Taking God Out of Rights Only Reveals More Rights

All truth is connected. There is no part of the universe, observed in any way you may choose, that does not consist of other parts. If there is such a thing as rights, they will be connected to other things in our world. And so it is with our natural rights. Conceptually breaking them away from Deity does not extinguish them. In fact, as we look at natural rights in the context of the natural world, we only find that rights are being exercised everywhere. Taking God out of the rights discussion only makes their identification easier so more of them are evident.

What Is a Natural Right?

A natural right is an abstraction. We know this because you can’t capture a right in a bottle, or put it on a workbench and measure it. But a true abstraction must have an antecedent, something from which it was abstracted. We have found, over the last few thousand years, that the rights abstraction is a very useful one because it facilitates the consideration of relationships among people and their governments. Here “governments” include everything from political organizations to the authority parents wield over their offspring beginning at their conception.

The most common concept of rights is that they give us authority to think, to choose, and to do. So looking for connections between rights and other truths in the world, we realize we are looking for a source for that authority. The traditional source is expressed well in our Declaration of Independence: “endowed by their Creator with certain unalienable Rights, …” We might well inquire how or in what way did the Creator make that endowment. The obvious answer is that he gave us the power to think, choose, and do. These capabilities are real things that can be measured whether or not you believe in a creator.

Finally, we notice that “authority” is almost always defined using the word “power”, so this appears to be semantically sound. We also notice the cognitive dissonance that attends the idea that we have a right to do something we cannot actually do. “I have the right to jump to the moon,” for example.

Power -> Authority -> Rights

The conclusion of the matter is so simple it may seem too simple. Yet there is this obvious connection that if I have a power or capability, I also have the authority or natural right to use it. To underpin this idea, we note that if I am restrained in the free use of my capabilities, I am to that degree oppressed by that infringement of my rights.

The point here is that the antecedent of the abstract idea of a right is the power that gave rise to that right, or to that abstraction. If this connection is denied, then there is no such thing as a right and we step backward thousands of years. Then every power is accompanied by the authority/right to use it.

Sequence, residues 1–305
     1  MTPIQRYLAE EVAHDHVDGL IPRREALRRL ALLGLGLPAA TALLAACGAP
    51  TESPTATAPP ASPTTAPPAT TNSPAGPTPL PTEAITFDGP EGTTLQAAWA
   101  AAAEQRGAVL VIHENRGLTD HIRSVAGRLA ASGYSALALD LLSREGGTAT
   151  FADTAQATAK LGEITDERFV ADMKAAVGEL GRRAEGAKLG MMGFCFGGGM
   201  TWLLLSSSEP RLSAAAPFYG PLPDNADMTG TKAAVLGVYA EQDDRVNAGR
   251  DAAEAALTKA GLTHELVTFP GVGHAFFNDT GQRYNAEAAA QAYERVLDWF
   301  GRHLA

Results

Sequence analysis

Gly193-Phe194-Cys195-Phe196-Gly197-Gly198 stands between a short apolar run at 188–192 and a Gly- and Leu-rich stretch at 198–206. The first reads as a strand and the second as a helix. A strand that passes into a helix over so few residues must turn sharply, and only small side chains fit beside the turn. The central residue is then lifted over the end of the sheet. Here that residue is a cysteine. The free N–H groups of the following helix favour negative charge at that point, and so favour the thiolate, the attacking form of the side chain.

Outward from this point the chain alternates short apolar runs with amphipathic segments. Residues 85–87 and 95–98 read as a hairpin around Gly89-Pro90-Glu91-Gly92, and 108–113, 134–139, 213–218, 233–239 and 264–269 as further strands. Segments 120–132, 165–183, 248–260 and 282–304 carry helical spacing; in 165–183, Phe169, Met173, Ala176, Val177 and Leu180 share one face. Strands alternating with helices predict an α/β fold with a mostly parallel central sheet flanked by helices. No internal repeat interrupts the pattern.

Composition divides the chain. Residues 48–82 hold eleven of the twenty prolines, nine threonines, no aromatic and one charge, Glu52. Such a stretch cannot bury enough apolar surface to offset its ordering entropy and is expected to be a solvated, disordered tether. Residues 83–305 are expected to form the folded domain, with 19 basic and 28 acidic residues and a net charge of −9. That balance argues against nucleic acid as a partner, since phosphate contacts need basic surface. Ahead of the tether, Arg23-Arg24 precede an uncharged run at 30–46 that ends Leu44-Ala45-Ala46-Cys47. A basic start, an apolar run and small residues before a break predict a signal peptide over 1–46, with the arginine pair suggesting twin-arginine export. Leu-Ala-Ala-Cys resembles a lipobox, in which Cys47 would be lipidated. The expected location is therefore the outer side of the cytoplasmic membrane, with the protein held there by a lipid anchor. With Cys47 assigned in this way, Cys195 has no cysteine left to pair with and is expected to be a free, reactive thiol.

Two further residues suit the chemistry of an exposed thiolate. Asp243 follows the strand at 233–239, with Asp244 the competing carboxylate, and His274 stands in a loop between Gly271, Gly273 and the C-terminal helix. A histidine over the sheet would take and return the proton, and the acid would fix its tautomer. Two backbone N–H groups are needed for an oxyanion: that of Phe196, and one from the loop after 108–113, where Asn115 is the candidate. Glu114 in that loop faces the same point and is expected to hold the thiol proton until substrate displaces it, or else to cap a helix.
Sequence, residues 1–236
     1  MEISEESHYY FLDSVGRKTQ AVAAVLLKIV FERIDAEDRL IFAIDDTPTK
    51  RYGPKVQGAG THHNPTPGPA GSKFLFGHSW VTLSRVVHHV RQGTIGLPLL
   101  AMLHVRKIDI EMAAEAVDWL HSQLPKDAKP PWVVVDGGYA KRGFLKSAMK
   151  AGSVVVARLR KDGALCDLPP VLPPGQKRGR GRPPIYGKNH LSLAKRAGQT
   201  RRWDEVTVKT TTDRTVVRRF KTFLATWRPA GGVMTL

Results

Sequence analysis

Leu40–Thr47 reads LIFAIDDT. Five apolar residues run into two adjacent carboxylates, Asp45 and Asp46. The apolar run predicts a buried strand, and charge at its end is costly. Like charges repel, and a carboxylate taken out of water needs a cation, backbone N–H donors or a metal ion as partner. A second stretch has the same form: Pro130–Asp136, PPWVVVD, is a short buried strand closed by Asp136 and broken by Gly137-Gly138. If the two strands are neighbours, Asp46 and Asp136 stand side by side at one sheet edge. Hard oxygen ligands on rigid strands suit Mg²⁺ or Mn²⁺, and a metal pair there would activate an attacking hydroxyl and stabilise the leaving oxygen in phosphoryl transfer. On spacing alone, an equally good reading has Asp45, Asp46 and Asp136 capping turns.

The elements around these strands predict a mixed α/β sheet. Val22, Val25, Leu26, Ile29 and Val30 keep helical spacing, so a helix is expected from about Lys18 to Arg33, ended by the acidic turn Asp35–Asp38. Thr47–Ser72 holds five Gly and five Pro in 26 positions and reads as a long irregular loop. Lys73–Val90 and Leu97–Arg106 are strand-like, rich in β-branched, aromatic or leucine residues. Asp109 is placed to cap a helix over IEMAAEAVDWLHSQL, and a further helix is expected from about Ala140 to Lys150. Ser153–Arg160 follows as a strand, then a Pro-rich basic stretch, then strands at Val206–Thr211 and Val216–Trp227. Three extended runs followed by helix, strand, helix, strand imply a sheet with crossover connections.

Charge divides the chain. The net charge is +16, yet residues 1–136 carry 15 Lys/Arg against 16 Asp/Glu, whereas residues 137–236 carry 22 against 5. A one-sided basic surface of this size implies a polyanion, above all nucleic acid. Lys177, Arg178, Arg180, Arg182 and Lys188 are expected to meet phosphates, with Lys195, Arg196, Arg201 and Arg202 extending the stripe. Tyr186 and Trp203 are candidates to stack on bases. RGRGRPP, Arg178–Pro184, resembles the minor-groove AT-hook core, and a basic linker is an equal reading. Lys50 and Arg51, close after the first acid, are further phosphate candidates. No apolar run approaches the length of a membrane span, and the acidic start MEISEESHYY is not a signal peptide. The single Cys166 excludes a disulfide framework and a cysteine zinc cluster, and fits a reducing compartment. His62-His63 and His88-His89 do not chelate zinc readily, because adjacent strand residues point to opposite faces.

So Where Does This Lead?

With this clear and present connection between capabilities and rights, we find rights everywhere and some of them are anathema to the secularist’s political theories. The principle here is that every capability is attended by a corresponding right to use it. That’s simple enough to be very powerful. For example, if a fertilized egg has the capability to become a living, functioning citizen, it must have the inherent right to do that. Otherwise, that right is not inalienable. 

Similarly, if I have the power to think that a certain political scheme is unwise or a threat to the free exercise of my rights, and I have the power to speak my thoughts, then I have a right to speak in opposition to such schemes.

How We Win the Semantic War

We are losing the semantic conflict with the left because we don’t know how to fully engage it.

We are unable to engage the left on this most fundamental level because it dismisses our arguments out of hand based on its atheism. Here is a powerful way to engage the left that not only asserts our traditional natural rights but facilitates the identification of all our natural rights. This has to be frustrating to the secularist. They may wish they had never dismissed our creator-endowed claims.

This is the principle: I have the natural right to do whatever I can do. Every power is attended by the authority to use it.

Equal Rights and Political Morality

The balancing of rights among citizens is the simple rule that stands in opposition to the law of the jungle that is stated with “If I can, I have the right.” This is the obvious requirement that brings peace among us. This is sometimes stated as “Your rights end where mine begin.”

The left appears unable to recognize that their agenda completely ignores this profound idea. They think they have the moral high ground with all their ideas about emotional, economic, cultural, and political safety. The truth is that an idea is evil if it violates natural rights, and good if it doesn’t. It is simple and it is powerful. That is the only political morality needed for a peaceful republic. The infringement of rights is the definition of evil.

Jackson Pemberton
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